Andre Ward isn't worried about traveling to Atlantic City to face Carl Froch. (Photo by Kevork Djansezian/Bongarts/Getty Images)
Super middleweight titlist Andre Ward says he's ready for his October 29 fight against Carl Froch, which is the final bout of the two-year Super Six World Boxing Classic tournament, and that he's not concerned about heading out of California for the fight. From Lem Satterfield at The RING:
"We're ready to come East. I am up for the challenge, and I'm fit for the challenge. I'm ready to do it. I've fought in Florida and Connecticut. Those are the only other times I've been East. ... It's not really a big deal. There are certain differences where sometimes it's a little harder because you have to find gyms to work out in leading up to the fight, but we have some connections on the East Coast. People, once again, made a big deal bout me getting to fight in my home down of Oakland, Calif., but I have ample stamps on my passport."
Ward (24-0, 13 KO) likes to talk about traveling abroad as an amateur, but he's mostly fought at home as a pro, and that's all anyone is really concerned with at this point. 16 of his 24 pro fights have been in California. Four of those have been in Oakland, and of his significant pro career, including his fights with Edison Miranda, Mikkel Kessler, Allan Green and Sakio Bika. Also, everyone in the Super Six has had to really travel, except for Ward. These are facts. He can blow it off as not a big deal, but he's fought at home for the entire tournament, while Froch (28-1, 20 KO) has thus far fought once at home in Nottingham, then Denmark, Finland, and Atlantic City. It's just different. It's not Ward's fault that his promoter was able to wrangle that, but it's real, not some criticism that has no basis.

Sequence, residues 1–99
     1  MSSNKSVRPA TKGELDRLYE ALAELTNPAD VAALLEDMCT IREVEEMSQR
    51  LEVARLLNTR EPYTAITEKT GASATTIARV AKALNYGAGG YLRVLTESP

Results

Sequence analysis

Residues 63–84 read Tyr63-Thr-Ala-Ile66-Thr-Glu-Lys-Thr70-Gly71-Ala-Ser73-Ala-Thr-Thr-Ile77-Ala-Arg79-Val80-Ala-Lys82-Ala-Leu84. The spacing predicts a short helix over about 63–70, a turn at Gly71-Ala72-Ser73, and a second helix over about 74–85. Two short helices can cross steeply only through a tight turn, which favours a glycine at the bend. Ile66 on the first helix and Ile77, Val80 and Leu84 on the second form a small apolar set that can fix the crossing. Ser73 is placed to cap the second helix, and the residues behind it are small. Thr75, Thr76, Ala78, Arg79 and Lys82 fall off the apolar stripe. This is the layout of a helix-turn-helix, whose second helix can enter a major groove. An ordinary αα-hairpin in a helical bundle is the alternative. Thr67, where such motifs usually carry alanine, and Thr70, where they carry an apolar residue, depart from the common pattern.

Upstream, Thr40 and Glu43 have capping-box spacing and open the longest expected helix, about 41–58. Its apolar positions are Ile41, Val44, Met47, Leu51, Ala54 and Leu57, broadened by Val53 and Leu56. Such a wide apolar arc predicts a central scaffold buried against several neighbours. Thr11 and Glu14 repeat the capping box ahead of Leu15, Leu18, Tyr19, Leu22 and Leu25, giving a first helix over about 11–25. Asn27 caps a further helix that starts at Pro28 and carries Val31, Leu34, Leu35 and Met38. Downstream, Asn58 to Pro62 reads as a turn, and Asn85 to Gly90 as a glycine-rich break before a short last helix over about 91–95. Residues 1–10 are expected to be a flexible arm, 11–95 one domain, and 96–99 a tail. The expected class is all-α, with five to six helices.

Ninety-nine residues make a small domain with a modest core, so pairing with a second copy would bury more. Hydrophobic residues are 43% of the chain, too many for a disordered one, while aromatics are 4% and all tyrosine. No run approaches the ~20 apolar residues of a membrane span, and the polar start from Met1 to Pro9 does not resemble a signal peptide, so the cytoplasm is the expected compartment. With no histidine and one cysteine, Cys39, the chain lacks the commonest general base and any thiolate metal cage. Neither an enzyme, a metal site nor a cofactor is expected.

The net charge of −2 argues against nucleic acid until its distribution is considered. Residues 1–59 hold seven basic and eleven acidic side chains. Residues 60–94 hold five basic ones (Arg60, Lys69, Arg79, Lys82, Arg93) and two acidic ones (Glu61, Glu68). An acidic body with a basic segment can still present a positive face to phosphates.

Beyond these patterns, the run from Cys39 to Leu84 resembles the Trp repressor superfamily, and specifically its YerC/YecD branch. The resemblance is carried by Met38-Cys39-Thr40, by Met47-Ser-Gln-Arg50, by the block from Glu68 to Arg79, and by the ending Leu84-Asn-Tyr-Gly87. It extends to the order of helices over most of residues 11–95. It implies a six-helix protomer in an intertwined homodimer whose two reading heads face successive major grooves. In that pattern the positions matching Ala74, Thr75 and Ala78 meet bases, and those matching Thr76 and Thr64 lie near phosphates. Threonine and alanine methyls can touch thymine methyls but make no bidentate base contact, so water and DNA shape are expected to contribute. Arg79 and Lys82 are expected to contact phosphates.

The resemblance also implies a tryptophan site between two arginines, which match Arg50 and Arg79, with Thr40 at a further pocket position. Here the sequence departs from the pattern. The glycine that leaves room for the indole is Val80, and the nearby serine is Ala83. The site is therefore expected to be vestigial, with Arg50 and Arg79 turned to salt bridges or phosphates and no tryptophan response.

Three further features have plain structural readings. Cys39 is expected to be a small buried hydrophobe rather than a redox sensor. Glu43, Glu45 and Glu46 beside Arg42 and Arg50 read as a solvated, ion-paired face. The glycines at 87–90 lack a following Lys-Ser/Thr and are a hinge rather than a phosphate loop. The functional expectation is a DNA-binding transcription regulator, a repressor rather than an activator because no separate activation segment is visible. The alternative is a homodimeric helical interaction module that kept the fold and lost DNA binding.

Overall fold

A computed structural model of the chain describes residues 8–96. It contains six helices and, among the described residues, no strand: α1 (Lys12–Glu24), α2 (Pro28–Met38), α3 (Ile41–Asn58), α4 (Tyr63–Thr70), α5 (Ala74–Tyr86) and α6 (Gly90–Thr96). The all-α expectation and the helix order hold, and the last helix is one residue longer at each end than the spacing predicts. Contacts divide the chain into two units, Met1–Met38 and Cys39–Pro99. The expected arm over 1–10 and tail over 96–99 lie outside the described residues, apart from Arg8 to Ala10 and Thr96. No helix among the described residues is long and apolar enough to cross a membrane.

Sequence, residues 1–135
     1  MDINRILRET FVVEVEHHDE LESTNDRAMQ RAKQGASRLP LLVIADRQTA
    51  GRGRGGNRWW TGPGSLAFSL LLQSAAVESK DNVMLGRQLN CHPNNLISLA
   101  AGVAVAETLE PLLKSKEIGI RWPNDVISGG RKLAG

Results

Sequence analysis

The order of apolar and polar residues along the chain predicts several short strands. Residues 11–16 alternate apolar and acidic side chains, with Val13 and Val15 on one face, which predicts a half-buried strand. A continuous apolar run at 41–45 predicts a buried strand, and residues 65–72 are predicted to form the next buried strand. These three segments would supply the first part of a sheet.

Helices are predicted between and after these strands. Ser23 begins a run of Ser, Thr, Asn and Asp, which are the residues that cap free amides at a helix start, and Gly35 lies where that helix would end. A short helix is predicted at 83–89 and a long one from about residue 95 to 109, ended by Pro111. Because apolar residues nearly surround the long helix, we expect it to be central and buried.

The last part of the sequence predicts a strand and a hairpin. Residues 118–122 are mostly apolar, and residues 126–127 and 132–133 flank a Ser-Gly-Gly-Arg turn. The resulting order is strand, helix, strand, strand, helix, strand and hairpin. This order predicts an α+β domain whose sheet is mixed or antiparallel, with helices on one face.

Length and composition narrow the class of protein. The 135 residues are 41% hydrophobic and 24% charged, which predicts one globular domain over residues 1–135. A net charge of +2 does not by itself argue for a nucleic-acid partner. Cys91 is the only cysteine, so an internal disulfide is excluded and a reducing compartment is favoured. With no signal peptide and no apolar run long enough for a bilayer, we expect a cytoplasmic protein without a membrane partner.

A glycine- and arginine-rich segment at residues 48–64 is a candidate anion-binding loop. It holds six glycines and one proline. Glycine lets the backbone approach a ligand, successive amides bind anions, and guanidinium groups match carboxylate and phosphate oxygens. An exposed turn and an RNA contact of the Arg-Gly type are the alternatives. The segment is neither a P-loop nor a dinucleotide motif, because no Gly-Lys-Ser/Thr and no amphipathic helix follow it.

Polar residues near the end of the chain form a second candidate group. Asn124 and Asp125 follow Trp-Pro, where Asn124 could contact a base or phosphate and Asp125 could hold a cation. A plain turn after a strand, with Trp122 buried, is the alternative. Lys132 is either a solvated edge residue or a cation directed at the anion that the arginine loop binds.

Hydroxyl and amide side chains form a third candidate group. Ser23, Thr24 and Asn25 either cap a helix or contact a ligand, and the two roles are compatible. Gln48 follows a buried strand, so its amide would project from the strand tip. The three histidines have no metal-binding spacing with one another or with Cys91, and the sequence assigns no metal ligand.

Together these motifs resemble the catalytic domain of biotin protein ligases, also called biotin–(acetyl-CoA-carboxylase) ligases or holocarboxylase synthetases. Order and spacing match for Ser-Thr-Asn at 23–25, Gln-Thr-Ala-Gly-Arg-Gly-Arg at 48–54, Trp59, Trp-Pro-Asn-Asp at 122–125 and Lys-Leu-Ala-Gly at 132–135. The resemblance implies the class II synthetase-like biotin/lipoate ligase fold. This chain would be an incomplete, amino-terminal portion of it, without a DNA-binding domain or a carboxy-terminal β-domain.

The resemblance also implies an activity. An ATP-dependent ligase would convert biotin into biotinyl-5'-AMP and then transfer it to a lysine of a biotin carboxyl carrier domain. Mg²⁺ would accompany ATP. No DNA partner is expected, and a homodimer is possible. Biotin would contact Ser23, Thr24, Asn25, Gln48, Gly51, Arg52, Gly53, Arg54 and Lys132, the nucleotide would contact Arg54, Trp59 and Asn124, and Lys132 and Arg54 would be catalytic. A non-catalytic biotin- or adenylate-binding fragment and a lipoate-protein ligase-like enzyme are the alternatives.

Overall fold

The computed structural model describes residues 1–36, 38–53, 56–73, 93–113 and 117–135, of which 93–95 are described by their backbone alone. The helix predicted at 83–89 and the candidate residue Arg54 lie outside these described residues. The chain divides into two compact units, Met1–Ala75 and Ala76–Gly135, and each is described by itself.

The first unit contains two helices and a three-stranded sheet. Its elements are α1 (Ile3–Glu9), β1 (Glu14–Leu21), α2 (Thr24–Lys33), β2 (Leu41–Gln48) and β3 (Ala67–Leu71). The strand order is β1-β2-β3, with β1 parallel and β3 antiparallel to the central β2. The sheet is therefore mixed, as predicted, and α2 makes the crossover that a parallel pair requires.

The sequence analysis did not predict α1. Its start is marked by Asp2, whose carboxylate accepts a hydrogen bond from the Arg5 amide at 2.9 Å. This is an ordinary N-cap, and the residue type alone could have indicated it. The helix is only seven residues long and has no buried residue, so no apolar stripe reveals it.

Ward also had this to say about the stylistic matchup:
"People think that I'm more of a slick boxer and that I kind of try to stay off of the ropes. So I guess that they're looking at the notion of, 'Can I outbox Froch and can I stay away from him? Can I stay away from him enough that I can avoid taking punishment, and can I avoid being bullied by him?' I guess that that's the line that most people are using in the way that they're viewing this fight. But, you know, me personally, I disagree with that."
I think Ward is right that many see him as a slick fighter, but I also think Ward is right that the potential perceived style clash is not really the matchup we have here. For slickness, Ward is really overrated. Ward is not really what I would call "slick." Frankly, I think he's a much better bully fighter than Froch is. I don't think that's even close. We've seen Ward bully the hell out of Mikkel Kessler and Allan Green, we've seen him roughhouse with Sakio Bika, and we've seen him box the shoes off of Arthur Abraham and Edison Miranda. Ward is a good boxer, but I think what makes him the top fighter he is is that ability to adapt. Froch has the same thing, actually -- not in the same exact way, but he's also an adaptable fighter who can succeed in different situations and doesn't need Plan A to go perfectly to win.